HARBOUR ENERGY has made a A$13.5bn (US$10.4bn) bid for Australian oil and gas producer Santos.
Harbour Energy, which is backed by energy-focussed private equity group EIG, has offered A$6.50 a share and follows three previous unsolicited offers that opened with A$4.55 a share in August last year. The latest offer has been strong enough to entice Santos to the table, with the board confirming it will now engage with Harbour Energy, noting the bid is now in the interests of shareholders. Santos has allowed Harbour to undertake due diligence.
Harbour Energy has said it wants to use Santos as a platform for growth in Australia, throughout Asia, and with respect to the global LNG sector.
“Santos has a leading natural gas business in Australia and interests in three operating LNG projects – two in Australia and one in Papua New Guinea – along with an established operating capability and a proven, experienced management team. All of these components are valuable assets and important to the execution of our vision and strategy,” said Harbour Energy CEO Linda Cook.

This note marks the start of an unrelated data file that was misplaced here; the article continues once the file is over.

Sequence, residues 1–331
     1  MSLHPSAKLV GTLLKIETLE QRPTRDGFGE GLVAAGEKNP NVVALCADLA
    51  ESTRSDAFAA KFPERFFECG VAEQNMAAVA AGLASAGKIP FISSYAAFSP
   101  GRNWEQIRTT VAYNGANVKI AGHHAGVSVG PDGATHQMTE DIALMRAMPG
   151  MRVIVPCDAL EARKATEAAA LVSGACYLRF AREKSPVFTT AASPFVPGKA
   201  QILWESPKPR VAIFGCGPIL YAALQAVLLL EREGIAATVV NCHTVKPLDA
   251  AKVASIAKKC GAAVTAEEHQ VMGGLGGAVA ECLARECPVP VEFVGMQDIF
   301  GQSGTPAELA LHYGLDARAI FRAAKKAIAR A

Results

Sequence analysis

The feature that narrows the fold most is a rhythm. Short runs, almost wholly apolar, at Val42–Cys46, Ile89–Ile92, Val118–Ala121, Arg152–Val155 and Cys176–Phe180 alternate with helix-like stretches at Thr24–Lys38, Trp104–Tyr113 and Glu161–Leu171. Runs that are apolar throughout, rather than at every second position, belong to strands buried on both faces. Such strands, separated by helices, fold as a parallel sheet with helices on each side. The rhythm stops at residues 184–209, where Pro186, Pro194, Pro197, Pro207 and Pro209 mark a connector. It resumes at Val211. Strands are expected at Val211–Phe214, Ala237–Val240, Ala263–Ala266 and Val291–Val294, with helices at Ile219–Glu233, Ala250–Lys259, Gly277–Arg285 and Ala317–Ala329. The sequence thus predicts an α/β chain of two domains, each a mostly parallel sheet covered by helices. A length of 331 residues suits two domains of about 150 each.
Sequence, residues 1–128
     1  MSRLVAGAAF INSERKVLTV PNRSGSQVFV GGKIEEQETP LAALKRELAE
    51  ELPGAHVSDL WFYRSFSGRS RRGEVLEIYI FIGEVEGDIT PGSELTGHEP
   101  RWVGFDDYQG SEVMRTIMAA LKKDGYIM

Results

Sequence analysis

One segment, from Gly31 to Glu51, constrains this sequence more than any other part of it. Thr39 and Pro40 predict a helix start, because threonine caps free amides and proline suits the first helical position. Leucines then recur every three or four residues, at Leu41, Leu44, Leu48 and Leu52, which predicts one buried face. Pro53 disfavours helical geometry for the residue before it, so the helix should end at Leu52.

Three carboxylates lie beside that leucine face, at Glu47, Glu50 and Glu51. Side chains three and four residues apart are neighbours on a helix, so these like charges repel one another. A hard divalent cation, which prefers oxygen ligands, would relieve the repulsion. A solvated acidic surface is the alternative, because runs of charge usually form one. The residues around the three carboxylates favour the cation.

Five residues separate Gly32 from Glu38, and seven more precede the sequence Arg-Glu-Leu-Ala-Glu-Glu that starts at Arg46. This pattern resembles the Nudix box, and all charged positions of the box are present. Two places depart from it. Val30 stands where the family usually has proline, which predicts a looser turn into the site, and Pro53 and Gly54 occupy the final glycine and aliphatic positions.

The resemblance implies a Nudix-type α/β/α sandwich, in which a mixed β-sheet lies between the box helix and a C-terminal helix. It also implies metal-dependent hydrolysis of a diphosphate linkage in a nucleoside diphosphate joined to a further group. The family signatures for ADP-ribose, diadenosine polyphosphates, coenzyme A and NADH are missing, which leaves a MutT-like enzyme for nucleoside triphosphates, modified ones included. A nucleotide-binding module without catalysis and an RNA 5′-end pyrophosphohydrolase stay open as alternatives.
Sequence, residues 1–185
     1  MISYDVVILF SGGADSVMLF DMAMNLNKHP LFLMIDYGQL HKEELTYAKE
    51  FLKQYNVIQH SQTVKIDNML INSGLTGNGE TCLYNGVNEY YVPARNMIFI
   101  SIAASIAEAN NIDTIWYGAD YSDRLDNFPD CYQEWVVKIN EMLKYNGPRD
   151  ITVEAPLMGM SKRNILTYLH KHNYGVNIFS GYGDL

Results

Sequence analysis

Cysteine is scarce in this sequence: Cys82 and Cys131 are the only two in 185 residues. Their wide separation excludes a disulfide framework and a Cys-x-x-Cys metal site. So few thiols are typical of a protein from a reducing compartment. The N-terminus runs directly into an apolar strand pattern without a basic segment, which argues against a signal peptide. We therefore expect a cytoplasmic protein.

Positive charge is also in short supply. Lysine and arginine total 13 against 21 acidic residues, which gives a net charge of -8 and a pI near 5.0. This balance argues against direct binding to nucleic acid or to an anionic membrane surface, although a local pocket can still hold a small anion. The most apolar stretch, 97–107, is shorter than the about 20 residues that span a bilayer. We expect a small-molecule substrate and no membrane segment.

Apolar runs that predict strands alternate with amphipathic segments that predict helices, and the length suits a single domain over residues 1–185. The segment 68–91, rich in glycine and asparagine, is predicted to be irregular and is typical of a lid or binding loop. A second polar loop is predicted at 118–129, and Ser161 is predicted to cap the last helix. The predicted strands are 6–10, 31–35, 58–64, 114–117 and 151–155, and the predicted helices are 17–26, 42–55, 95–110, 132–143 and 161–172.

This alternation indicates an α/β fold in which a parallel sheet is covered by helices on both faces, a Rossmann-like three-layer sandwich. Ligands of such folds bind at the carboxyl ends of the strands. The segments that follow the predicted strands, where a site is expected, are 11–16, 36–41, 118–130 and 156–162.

The company said if it successfully takes over Santos its strategy does not rely on staff cuts and it will keep its headquarters in Adelaide.
Santos’ activities cover exploration and production and delivery of oil and natural gas. This includes its partnership in a two-train LNG project in Papua New Guinea that sells gas to Asia. In Australia it produces gas both on- and offshore. This includes gas piped from offshore to LNG plants in Gladstone and Darwin, as well as gas sold domestically from fields in the Cooper Basin spanning the borders of South Australia and Queensland.
RBC oil and gas analyst Ben Wilson said he expects Santos will struggle to turn down the offer, describing it as a “knock-out bid”, ABC News reports. However, he did note that given Santos’ strategic importance to gas supply, any bid will be subject to scrutiny from Australia’s Foreign Investment Review Board.
The offer follows Harbour-backed Chrysaor’s purchase last year of US$3.8bn worth of North Sea oil and gas assets from Shell, making it the region’s largest independent exploration and production company.
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